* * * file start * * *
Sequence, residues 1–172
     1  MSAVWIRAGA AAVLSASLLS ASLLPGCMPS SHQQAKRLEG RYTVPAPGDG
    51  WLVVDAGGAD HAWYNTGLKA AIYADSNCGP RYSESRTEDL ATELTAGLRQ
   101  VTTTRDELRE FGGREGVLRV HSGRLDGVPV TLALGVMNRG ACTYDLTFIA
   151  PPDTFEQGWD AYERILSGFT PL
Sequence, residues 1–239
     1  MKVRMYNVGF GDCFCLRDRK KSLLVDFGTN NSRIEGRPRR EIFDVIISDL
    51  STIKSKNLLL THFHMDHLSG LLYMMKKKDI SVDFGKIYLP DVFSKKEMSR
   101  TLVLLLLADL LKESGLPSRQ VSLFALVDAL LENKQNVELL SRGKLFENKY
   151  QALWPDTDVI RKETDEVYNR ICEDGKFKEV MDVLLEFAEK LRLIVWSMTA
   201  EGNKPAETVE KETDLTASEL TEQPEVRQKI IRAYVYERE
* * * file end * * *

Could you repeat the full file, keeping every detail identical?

Sequence, residues 1–172
     1  MSAVWIRAGA AAVLSASLLS ASLLPGCMPS SHQQAKRLEG RYTVPAPGDG
    51  WLVVDAGGAD HAWYNTGLKA AIYADSNCGP RYSESRTEDL ATELTAGLRQ
   101  VTTTRDELRE FGGREGVLRV HSGRLDGVPV TLALGVMNRG ACTYDLTFIA
   151  PPDTFEQGWD AYERILSGFT PL
Sequence, residues 1–239
     1  MKVRMYNVGF GDCFCLRDRK KSLLVDFGTN NSRIEGRPRR EIFDVIISDL
    51  STIKSKNLLL THFHMDHLSG LLYMMKKKDI SVDFGKIYLP DVFSKKEMSR
   101  TLVLLLLADL LKESGLPSRQ VSLFALVDAL LENKQNVELL SRGKLFENKY
   151  QALWPDTDVI RKETDEVYNR ICEDGKFKEV MDVLLEFAEK LRLIVWSMTA
   201  EGNKPAETVE KETDLTASEL TEQPEVRQKI IRAYVYERE